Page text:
FDA approves first animal genetically engineeredfor food — a fast-growing salmon

LancasterOnline - ‎Nov 19, 2015‎
A fast-growing salmon has become the first genetically engineered animal intended for food to be approved by the U.S. Food and Drug Administration.

What's for dinner? Genetically engineered salmon OK'd by FDA

The Sun Chronicle - ‎13 hours ago‎
In this photo taken Sept. 20, 2010. AquaBounty CEO Ron Stotish, the company that applied with the Food and Drug Administration (FDA) to market genetically modified salmon, speaks to reporters in Rockville, Md. The FDA on Thursday approved genetically ...

FDA Sued Over Controversial Approval of GMOSalmon

EcoWatch - ‎12 minutes ago‎
Opposition against the Food and Drug Administration's (FDA) approval of the first genetically engineered food animal, AquaBounty's GMO salmon, is fiercely mounting. The Center for Food Safety, an nonprofit organization, announced plans to sue the ...


Unconstitutional Restraints on Publishing and Weak Integrity Protections at Issue
Posted on Nov 19, 2015 | Tags: Scientific Integrity, USDA
Washington, DC — The U.S. Department of Agriculture should stop censoring scientific findings for political reasons and significantly strengthen its Scientific Integrity Policy, according to a federal lawsuit filed today by Public Employees for Environmental Responsibility (PEER). The suit targets official restraints on USDA scientists publishing or speaking about their findings in peer-reviewed journals, before professional societies and in other unofficial settings.
This March, PEER filed a formal rulemaking petition pressing USDA to end censorship policies and to bolster its extremely weak Scientific Integrity Policy adopted in 2013. The petition asked USDA to adopt “best practices” from other federal agencies’ integrity policies and to end politically driven suppression or alteration of studies. In a letter dated June 11, 2015, USDA Chief Scientist Catherine Wotecki wrote that the agency refused to consider the substance of the petition because scientific integrity only affected its “internal personnel rules and practices” and was therefore exempt from the public notice and comment process normally required of agency rules.
“Censorship of public agency science does not affect only scientists – it concerns the public at large as well as every entity relying upon the integrity of USDA science,” stated PEER Executive Director Jeff Ruch, whose organization is also representing USDA scientists alleging official harassment flowing from scientific work which upsets agribusiness “stakeholders.” “USDA cannot piously pledge its devotion to scientific integrity while at the same time rebuffing any attempts to safeguard it.”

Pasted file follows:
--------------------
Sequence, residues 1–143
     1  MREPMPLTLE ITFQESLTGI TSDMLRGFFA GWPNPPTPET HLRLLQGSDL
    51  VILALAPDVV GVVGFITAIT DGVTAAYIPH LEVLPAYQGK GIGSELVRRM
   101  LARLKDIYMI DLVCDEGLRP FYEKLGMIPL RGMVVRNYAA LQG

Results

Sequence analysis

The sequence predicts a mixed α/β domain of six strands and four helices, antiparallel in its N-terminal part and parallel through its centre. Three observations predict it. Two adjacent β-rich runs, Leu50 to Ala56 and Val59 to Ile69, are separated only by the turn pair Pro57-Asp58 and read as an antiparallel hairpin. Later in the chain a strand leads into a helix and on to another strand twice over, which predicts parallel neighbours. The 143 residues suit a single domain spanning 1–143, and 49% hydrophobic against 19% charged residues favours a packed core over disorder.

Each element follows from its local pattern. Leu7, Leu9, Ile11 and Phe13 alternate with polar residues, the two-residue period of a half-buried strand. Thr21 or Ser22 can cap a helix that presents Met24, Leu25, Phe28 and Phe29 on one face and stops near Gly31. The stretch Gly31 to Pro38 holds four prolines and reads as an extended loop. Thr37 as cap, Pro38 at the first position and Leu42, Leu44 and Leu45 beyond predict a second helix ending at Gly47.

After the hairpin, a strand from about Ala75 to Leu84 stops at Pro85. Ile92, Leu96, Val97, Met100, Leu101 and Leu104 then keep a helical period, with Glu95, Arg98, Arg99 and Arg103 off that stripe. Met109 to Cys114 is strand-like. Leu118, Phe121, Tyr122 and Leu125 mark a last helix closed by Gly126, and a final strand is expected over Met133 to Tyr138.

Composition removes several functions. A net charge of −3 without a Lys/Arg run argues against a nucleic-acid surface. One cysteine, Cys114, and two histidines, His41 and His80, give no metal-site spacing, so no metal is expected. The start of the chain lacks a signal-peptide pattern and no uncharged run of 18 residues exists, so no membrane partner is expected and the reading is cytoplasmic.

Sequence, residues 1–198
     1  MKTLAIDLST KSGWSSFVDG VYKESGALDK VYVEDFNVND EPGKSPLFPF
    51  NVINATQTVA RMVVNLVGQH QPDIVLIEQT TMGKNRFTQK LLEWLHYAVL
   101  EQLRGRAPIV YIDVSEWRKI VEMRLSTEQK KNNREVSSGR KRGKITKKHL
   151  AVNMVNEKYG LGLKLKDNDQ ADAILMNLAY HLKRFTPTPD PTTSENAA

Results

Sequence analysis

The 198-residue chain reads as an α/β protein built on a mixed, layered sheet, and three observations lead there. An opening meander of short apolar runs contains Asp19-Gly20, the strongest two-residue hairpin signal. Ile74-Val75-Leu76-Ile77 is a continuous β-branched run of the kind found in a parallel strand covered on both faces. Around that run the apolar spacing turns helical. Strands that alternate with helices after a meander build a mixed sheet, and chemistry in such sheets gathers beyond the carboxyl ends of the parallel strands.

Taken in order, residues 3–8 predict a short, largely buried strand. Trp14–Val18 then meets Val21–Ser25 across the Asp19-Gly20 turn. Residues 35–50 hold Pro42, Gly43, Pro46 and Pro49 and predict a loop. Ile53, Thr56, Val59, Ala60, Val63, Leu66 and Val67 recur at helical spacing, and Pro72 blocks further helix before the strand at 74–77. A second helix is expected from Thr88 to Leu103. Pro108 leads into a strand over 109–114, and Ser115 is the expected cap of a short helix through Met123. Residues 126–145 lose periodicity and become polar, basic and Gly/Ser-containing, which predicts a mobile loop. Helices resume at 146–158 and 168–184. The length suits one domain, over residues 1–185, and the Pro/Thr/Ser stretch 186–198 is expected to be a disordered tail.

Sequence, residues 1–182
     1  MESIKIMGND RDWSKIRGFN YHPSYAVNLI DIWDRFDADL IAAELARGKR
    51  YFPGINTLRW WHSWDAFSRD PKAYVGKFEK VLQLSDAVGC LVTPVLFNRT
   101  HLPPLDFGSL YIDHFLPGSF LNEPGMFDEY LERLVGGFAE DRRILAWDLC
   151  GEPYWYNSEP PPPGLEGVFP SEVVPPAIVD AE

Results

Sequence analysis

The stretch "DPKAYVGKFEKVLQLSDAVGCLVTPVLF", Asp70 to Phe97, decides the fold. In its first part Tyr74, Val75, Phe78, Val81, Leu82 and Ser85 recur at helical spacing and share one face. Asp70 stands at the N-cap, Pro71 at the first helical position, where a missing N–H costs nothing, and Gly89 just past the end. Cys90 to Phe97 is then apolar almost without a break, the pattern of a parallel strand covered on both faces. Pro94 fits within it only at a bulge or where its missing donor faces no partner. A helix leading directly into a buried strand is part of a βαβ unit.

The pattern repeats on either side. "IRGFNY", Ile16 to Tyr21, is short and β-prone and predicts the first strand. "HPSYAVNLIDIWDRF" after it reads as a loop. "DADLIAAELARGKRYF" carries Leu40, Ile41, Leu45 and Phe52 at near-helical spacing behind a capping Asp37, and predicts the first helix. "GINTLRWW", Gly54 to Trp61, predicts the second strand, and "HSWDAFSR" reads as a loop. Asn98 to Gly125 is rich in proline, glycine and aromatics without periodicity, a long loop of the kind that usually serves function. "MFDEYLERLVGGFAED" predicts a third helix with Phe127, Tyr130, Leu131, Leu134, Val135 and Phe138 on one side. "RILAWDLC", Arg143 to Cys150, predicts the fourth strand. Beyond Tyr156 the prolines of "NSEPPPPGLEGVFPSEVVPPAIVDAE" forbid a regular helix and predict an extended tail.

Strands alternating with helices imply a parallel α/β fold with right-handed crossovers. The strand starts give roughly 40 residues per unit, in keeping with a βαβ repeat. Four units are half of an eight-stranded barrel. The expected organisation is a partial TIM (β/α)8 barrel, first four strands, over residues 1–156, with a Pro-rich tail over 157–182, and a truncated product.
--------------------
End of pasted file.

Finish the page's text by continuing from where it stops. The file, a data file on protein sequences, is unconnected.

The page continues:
PEER cites instances of USDA scientists ordered to retract studies, water down findings, remove their name from authorship and endure long indefinite delays in approving publication of papers that may be controversial. Media requests for interviews with scientists are either indefinitely delayed or denied. Of particular concern is a gag order barring release of any scientific work reflecting on any federal policy:
“…scientists should refrain from making statements that could be construed as being judgments of or recommendations on USDA or any other federal government policy, either intentionally or inadvertently.”
“USDA may not screen submissions to peer-reviewed journals for their political implications,” added Ruch, pointing out that USDA scientists use their agency affiliation for purposes of identification and the journal articles are not “owned” by the agency. “USDA is not entitled to its own set of facts to alter or suppress at will.”
Ironically last week, USDA announced it is now seeking public comment on how to increase public access to the results of federally-funded agricultural research. PEER is suggesting that the best way to increase public access to USDA-funded research is to stop vetting it for “sensitive” content and to allow its scientists to openly discuss findings without prior permission.
“USDA is raising a bumper crop of hypocrisy this year,” Ruch concluded, noting that Dr. Jonathan Lundgren, a USDA entomologist based in South Dakota, is slated to receive a national award next week in Washington DC for “civic courage” in recognition of his resistance of agency censorship. “Dr. Lundgren’s experience raises doubts about whether groundbreaking science can still be conducted inside USDA free from interference.”
Read the PEER suit
View PEER rulemaking petition
See USDA curt dismissal of PEER petition
Look at USDA scientific censorship in action
Revisit Dr. Lundgren’s case
Attend Dr. Lundgren’s civic courage award ceremony onNovember 30th
Note USDA outreach for ideas on increasing public access to its science